Sofa: That was exactly my point. I know the math - I wasn't talking about black, I was talking about contrast. If you have some ambient light, you need high lumens to get contrast. I know black isn't really black, but, as I'm sure you know, your eyes can still be completely fooled, if you still have high contrast.


And, Torre, I said "a small amount of ambient light", not "a room filled with ambient light". I can tell you from personal experience, a G20 in a completely dark room looks AWESOME! What projector did you see that looked so bad? If you saw a 2000 lumens projector in a dark room that looked horrible, it was the fault of something else in the projector, not the lumens.


As tcumbo pointed out, our eyes are used to light much brighter than the brightest of these projectors.


Don't get me wrong - I understand the importance of contrast, and agree that in a black room, absolute black level is critical. I'm just pointing out that high lumens high contrast is better than low lumens medium contrast, and high lumens high contrast can also be better than lower lumens higher contrast, if you have even a small amount of ambient light.


- Dave
 

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Discussion Starter · #9 ·
Not to worry...we are currently working on a 4-chip projector...RGBBk, red, green, blue and black...it will set the industry on it's collective head. http://www.avsforum.com/ubb/biggrin.gif


I can't speak for the claims of others who have higher contrast spec's, I just know what I've measured with a meter at our QC checks. My personal opinion is that until I've measured a few units with a meter under known conditions it's ALL BS.


As "sofacinema" says, you have to do the numbers...what works for you is totally dependent on your viewing environment...you cannot disassociate the projector and the environment. If you want to have black blacks and still be have a decent pic in higher light environments, you may very well have to resort to ND filters on a very bright projector when you're viewing in a dark room.


Regards,




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Tom Stites

Director, Business Development

Digital Systems Division

JVC Professional Products

"My opinions do not necessarily reflect..."
 

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Tom:


Will your RGBBk produce blacker than black? http://www.avsforum.com/ubb/smile.gif


Even in a darkened room, if you have a small room with waf paint on the walls, you get alot of spillover just from the projector.


In this case, do you get better overall contrast ratio by cranking up the lumens and cranking down the screen gain? I know you do with polarized screens, whatever happened to them?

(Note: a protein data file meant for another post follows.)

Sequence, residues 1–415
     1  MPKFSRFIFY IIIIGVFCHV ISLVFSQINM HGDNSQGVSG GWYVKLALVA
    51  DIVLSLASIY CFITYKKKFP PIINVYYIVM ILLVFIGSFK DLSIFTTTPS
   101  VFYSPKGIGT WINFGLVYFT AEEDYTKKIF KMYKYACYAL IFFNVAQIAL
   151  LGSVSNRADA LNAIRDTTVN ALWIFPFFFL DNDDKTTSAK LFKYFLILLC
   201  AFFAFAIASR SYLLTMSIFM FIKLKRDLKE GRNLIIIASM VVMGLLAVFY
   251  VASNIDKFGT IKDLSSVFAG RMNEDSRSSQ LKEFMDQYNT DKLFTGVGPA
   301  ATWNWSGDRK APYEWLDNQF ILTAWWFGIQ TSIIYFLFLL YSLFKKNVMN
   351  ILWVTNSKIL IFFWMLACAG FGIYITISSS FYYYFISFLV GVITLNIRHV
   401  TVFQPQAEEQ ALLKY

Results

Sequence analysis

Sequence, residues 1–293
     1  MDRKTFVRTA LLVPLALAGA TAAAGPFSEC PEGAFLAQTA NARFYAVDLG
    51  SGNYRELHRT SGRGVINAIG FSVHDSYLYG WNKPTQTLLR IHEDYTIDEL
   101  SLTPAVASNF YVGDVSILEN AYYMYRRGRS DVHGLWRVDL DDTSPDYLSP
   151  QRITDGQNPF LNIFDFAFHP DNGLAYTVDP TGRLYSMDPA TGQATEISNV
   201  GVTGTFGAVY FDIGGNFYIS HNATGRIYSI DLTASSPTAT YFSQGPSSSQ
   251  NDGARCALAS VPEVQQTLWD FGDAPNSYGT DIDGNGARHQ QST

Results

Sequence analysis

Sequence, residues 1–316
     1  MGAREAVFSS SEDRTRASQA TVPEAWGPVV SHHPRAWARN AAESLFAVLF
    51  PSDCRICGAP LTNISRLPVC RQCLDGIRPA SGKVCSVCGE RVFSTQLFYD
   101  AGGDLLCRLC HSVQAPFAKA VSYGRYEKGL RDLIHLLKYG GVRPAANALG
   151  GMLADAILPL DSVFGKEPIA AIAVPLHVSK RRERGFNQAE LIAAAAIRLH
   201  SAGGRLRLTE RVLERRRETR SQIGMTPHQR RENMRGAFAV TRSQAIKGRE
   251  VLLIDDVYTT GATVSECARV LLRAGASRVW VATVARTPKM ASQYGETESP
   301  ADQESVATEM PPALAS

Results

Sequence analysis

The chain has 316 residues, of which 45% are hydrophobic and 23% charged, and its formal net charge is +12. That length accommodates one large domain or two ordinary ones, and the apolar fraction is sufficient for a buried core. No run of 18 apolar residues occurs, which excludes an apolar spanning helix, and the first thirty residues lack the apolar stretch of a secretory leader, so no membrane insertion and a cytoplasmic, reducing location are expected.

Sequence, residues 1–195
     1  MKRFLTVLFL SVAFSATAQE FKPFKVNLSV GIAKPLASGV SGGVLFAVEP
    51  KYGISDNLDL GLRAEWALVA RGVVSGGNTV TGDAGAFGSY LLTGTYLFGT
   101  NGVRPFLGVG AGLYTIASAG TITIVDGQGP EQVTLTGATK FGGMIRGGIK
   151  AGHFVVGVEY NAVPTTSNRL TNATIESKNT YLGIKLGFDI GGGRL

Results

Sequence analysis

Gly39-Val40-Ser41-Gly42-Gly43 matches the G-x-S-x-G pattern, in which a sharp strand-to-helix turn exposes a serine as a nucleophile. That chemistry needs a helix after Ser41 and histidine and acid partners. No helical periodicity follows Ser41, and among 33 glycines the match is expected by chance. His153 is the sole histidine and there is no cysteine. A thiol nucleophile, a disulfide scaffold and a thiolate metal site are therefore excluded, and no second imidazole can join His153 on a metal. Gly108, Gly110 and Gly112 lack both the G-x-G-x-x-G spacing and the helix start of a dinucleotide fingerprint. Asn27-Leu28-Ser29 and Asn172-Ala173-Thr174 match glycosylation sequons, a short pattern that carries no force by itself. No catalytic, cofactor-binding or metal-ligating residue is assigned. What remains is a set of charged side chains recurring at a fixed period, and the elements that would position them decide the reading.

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Alex
 

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I will add another question: are we trying to make a replica of the movie theater in our homes? If the answer is yes, then we need to know how much lumens are the black level in the movie theater, and how much is the contrast.

I know for sure that a crt projector has blacker blacks than a movie theater, maybe a very well calibrated dlp projector looks more similar to a movie theater (we are talking black level) http://www.avsforum.com/ubb/rolleyes.gif


Federico
 

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Funny you should bring this up today; FWIW, this is from the thread entitled "Sharp",
http://www.avsforum.com/ubb/Forum10/HTML/007176.html


about the new 720P DLP:


"The incredible contrast is actually around 1100 to 1, which represents the tip of the doable at the moment. The new DM3

chip with RGBRGB colorwheel and 1280X720 resolution is being used.


The blacklevel was exemplary, really black and differentiated. Simply more details and no sceendoor effect showed(even from 1m away hardly no screendoor, very CRT-like)...."


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Noah
 

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I'd like to take a shot at improving the quality of the optical pathway of a decent DILA. I'm pretty darned sure that I can noticably improve one. In the real sense. The repeatable, real sense. Ie, commerical application. But, every time I call up these kinds of folk, they treat me like a flake, or want me to just blurt it out and give it to them. There ain't no reasoning with people, sometimes.


The only problem, is I would probably get bogged down in re-designing the entire machine. Why stop half way... there's always room for jello.


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Ken Hotte

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[This message has been edited by KBK (edited 07-10-2001).]
 

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...when we will actually see the promise made, actually take place?


What is (and has) ALWAYS been a concern for me, in the world filled with marketing jargon..is the ability to have a specification sound better in one machine over the other, simply due to a misunderstanding.


For instance, 3000 lumen DILA's ae probably not that suitable for home use with average sized screens, where the detail is kept high, with a smaller size of screen. My great concern is that manufacturers are falsely pumping contrast ratio figures, byt relating the contrast ratio to the simple max ouput lumen count. Has the actual black level performance of the design FUNDAMENTALY been altered for the better??